Analog and Vinyl: no longer the benchmark
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  1. #1
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    Analog and Vinyl: no longer the benchmark

    Was thinking about this the other day then was reading through the "lossy/lossless" thread here. Some comments by AJ made me give this more thought.

    Look, I'm no audio engineer, and there are many people who could provide scientific evidence or probably just way better anecdotal evidence (guys like AJ, Mike, etc) to either refute or support what I'm proposing. However I think the time's come that the topic gets some discussion, some good old fashioned (like vinyl ; ) heated debate.

    For as long as I've been involved in this hobby, vinyl has held sway as the benchmark to which everything should aspire, ie. digital. And in the early days, with CDs basically sucking for a variety of reasons, this made a lot of sense.

    Today however, with better knowledge of digital music sourcing (mastering etc), production (flac, wav, dsd, hi-res) and re-production (better digital gear, DACs etc), my theory is that vinyl is no longer king of the hill. That the best digital systems produce better sound/experience at home than can the best vinyl. Just a theory, since I've heard neither. However, I've heard what I guess is very good vinyl/analog, and very good digital, and I'd take digital. I hear more detail, superior special queues, more clarity, PRAT, whatever.... it just sounds better to me. Not to mention, flac files don't wear down over time.

    I hope this ends up being somewhat controversial; I think it's time to change this paradigm. Take your seat at the back of the bus vinyl.
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  2. #2
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    Re: Analog and Vinyl: no longer the benchmark

    Quote Originally Posted by jmusica View Post

    Today however, with better knowledge of digital music sourcing (mastering etc), production (flac, wav, dsd, hi-res) and re-production (better digital gear, DACs etc), my theory is that vinyl is no longer king of the hill. That the best digital systems produce better sound/experience at home than can the best vinyl. Just a theory, since I've heard neither. However, I've heard what I guess is very good vinyl/analog, and very good digital, and I'd take digital. I hear more detail, superior special queues, more clarity, PRAT, whatever.... it just sounds better to me. Not to mention, flac files don't wear down over time.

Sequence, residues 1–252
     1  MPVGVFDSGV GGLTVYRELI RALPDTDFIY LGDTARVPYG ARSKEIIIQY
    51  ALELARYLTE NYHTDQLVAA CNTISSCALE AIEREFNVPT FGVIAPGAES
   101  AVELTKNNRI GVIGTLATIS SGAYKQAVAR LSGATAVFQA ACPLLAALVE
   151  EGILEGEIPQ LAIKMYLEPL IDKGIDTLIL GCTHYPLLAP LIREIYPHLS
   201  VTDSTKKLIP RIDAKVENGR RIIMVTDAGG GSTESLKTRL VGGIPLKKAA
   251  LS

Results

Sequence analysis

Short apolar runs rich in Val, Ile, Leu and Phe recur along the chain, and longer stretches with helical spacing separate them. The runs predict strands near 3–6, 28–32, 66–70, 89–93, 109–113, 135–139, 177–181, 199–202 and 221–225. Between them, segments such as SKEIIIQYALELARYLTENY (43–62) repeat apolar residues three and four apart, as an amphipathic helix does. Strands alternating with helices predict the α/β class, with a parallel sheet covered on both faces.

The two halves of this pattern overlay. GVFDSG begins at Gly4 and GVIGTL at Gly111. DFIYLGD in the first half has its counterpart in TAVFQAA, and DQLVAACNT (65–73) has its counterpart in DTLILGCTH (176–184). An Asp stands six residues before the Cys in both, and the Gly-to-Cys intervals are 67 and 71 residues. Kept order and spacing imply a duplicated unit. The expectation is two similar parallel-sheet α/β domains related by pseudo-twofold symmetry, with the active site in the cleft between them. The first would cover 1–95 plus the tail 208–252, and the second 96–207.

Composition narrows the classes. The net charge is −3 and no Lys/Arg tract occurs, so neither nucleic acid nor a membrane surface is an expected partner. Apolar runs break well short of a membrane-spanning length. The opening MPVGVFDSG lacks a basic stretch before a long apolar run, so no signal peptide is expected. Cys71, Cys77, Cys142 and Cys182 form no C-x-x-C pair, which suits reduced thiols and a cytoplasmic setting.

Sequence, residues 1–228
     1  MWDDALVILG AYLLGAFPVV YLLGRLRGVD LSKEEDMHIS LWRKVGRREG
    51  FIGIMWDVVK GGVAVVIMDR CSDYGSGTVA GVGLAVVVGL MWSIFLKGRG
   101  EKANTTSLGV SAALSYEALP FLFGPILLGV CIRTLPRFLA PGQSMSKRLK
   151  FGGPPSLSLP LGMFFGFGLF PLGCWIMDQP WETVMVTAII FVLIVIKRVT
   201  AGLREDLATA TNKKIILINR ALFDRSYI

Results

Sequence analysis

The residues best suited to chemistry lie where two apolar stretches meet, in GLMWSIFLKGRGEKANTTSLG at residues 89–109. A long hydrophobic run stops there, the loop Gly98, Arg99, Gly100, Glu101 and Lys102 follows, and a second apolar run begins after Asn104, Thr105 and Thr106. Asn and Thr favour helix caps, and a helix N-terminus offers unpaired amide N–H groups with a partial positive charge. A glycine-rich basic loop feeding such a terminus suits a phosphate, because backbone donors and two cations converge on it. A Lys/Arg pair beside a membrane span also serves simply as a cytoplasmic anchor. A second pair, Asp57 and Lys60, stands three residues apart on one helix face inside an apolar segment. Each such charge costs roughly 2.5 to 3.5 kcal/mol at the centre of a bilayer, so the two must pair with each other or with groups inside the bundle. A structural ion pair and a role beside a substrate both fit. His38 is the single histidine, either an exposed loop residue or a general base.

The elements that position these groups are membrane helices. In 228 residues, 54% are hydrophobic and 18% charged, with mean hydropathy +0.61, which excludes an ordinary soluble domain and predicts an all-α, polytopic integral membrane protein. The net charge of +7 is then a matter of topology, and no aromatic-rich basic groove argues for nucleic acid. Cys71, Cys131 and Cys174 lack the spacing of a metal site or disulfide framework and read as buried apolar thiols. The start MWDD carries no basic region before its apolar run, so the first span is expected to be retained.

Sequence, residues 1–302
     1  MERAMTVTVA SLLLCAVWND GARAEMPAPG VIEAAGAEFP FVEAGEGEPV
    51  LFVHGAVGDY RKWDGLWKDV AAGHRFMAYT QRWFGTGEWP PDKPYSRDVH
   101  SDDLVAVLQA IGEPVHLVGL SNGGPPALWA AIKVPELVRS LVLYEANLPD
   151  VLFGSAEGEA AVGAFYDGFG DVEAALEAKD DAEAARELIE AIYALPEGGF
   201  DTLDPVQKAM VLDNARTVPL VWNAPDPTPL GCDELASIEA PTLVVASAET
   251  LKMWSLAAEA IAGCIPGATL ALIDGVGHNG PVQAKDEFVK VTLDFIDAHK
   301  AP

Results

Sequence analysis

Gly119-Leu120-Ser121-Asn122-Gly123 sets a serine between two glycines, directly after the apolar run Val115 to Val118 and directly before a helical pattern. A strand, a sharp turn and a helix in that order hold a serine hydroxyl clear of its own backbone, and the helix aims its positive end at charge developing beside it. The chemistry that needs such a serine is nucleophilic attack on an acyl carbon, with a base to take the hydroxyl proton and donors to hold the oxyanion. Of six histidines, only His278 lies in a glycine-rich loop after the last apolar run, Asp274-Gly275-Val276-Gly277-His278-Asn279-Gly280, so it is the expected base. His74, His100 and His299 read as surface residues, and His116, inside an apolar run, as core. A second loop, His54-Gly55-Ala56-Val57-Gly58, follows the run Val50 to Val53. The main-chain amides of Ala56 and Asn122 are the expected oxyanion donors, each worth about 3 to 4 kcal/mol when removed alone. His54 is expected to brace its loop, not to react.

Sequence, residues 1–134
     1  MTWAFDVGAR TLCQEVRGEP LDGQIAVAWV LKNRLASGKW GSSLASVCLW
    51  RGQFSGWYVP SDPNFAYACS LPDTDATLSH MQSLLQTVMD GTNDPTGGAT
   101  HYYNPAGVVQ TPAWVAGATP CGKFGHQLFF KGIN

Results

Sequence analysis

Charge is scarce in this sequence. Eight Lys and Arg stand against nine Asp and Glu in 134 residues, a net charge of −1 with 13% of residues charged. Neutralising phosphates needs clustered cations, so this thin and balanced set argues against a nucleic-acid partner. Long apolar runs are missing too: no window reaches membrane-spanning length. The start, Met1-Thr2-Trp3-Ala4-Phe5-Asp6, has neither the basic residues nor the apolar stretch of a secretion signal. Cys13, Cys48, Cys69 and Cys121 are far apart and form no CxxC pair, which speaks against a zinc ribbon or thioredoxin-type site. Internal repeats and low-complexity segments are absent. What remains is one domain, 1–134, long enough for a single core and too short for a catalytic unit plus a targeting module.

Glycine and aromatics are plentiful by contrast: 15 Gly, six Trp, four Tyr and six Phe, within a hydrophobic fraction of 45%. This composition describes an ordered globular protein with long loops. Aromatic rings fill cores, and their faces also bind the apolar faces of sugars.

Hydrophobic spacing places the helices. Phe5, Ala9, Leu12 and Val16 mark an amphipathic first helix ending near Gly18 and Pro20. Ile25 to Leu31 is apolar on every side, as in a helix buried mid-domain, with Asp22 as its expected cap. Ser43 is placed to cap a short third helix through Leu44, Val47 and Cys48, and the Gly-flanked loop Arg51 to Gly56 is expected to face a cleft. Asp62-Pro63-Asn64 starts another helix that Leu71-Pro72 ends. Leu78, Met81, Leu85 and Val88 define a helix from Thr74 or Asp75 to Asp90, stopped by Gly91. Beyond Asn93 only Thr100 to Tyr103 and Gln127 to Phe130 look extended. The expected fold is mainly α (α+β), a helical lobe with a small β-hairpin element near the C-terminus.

It's in the presentation and feel of the music that vinyl ruled and many probably feel it still does.

    Digital has been closing the gap in that regard. Personally I could never get over the shortcomings of vinyl so I put up with digital's. My latest digital HW acquisitions have improved digital so much for me I'm selling my vinyl rig.

  3. #3
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    Re: Analog and Vinyl: no longer the benchmark

    In many ways Digital is the new benchmark. But primarily because it's what 99% of people have and use. That is not to say that tape and vinyl aren't better sounding. A benchmark is there to compare to better or worse.
    Jock

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  4. #4
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    Re: Analog and Vinyl: no longer the benchmark

    Tape is king. After that it's a toss-up between vinyl and digital. I have also become of the belief that in order to have the very best vinyl you must have some of the best digital. When you have excellent digital such as I believe I have, you are very quickly shown the shortcomings in your vinyl setup. It becomes very easy to hear any bloat congestion or lack of frequency extension in your vinyl set up when you play the same songs compared against your digital.

    They also just voice a little different. That is really it. They are both extremely Musical and engaging to listen to. Last night I was spinning some Jimmy Buffett. Well actually I should say I was listening to it from my internal drive on my server. However I had been using my record player and listening to Jimmy Buffett albums which was still spinning and I thought was actually playing. I was thinking to myself, my God this is some of the best audio I've ever heard in my life. This is after just returning from Miami and listening to Boulder, Wilson raidho, OMA Etc. Very fine multi hundred-thousand-dollar systems. In my opinion, mine was more musically engaging and enjoyable listen to. It did not have the scale and size of the Boulder Wilson combo but it was more musical. Anyhow I was getting ready to get up and lift the needle after Margaritaville when I realized the needle was up and I was only listening to my digitally stored red book version.